By: Eleanor Faust,


Reports have surfaced that in the days preceding President Trump’s executive order effectuating an immigration ban, the Center for American-Islamic Relations (CAIR) filed legal complaints concerning hostile interrogations by Customs and Border Patrol agents.[1] The complaints allege that the agents demanded the travelers unlock their phones and provide them with social media account names and passwords.[2] Courts have held that customs agents have the authority to manually search devices at the border as long as the searches are not made solely on the basis of race or national origin.[3] This does not mean that travelers are required to unlock their phones but if they refuse, they run the risk of being detained for hours for not complying with the agent’s request.[4]

When returning home from a trip abroad, you expect to feel welcomed upon arrival but that has not been the case for many recently. When Sidd Bikkannavar got off the plane in Houston from a personal trip to South America, he was detained by the U.S. Customs and Border Patrol.[5] Bikkannavar is not a foreign traveler visiting the United States. He is a natural born U.S. citizen who works at NASA’s Jet Propulsion Laboratory. He has also undergone a background check and is enrolled in Global Entry to allow expedited entry into the United States.[6] While he was detained the customs agents demanded his phone and access PIN without giving him any information as to why he was being questioned.[7] A major concern is that Bikkannavar had a NASA issued phone that very well could have contained sensitive information that should not have been shared.[8] For a number of different professionals, these types of border searches compromise the confidentiality of information.[9] For example, searching the phone of a doctor or lawyer can reveal private doctor-patient or attorney-client information.[10]

Although there is no legal mechanism to make individuals unlock their phone, the customs agent’s have broad authority to detain travelers which can often be intimidating enough to make a person unlock their phone to avoid being in trouble.[11] Homeland Security Secretary John Kelly is looking to expand customs agent’s authority and is pushing to be able to obtain all international visitor’s social media passwords and financial records upon their arrival into the country.[12] At a meeting with Congress, Kelly told the House Homeland Security Committee, “We want to get on their social media, with passwords: What do you do, what do you say? If they don’t want to cooperate then you don’t come in.”[13] In the meantime, Hassan Shibly, the director of CAIR’s FL branch, advises American citizens to remember that, “you must be allowed entrance to the country. Absolutely don’t unlock the phone, don’t provide social media accounts, and don’t answer questions about your political or religious beliefs. It’s not helpful and it’s not legal.”[14]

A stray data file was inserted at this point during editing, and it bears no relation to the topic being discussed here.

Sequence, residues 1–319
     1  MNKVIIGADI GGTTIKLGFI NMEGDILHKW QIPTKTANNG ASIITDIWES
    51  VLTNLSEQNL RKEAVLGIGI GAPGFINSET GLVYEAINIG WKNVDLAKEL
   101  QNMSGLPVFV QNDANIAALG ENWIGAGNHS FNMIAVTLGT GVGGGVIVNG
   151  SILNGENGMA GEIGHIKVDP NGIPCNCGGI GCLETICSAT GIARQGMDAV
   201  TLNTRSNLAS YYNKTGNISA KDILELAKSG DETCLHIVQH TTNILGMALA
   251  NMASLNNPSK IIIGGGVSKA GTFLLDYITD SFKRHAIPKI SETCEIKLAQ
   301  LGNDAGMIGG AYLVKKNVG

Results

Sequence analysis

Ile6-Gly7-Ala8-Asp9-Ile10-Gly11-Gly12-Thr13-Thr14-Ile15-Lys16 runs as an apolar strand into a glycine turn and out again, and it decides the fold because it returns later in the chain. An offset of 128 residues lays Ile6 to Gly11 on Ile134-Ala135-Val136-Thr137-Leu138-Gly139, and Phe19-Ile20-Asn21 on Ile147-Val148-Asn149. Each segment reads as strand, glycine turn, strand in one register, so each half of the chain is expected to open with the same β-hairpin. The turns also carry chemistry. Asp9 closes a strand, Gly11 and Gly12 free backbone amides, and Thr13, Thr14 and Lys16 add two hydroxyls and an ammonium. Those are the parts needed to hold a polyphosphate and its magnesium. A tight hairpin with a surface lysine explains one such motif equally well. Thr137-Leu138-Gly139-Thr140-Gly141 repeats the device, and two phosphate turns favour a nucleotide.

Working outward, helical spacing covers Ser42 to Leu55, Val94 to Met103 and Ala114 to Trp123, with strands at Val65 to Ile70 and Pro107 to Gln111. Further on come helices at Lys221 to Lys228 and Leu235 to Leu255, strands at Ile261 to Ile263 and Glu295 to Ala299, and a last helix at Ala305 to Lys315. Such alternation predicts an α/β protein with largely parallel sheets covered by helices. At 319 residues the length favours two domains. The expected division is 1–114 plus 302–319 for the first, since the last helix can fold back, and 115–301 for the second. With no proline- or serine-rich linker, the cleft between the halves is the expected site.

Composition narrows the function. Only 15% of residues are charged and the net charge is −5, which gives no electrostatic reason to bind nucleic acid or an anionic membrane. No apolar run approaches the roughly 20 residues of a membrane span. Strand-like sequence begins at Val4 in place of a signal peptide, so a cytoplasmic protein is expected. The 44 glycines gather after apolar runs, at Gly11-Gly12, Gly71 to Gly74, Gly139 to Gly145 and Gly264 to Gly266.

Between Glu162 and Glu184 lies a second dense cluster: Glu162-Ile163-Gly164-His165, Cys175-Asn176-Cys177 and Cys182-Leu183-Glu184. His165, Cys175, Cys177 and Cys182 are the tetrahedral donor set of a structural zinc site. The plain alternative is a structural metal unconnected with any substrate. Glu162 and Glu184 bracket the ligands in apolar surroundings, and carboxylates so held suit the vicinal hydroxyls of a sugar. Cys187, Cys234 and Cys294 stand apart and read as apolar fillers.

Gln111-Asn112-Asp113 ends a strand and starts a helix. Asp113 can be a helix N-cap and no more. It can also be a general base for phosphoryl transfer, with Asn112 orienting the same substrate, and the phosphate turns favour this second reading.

[1] See Russell Brandom, Trump’s executive order spurs Facebook and Twitter checks at the border, Verge (Jan. 30, 2017, 9:55 AM),

[2] See id.

[3] See Loren Grush, A US-born NASA scientist was detained at the border until he unlocked his phone, Verge (Feb. 12, 2017, 12:37 PM),

[4] See id.

[5] See id.

[6] See id.

[7] See Seth Schoen, Marcia Hofmann, and Rowan Reynolds, Defending Privacy at the US Border: A Guide for Travelers Carrying Digital Devices, Electronic Frontier Foundation (Dec. 2011),

[8] Id.

[9] See id.

[10] See id.

[11] See Brandom, supra note 1.

[12] See Alexander Smith, US Visitors May Have to Hand Over Social Media Passwords: DHS, NBC News (Feb. 8, 2017, 7:51 AM),

[13] See id.

[14] See Grush, supra note 3.

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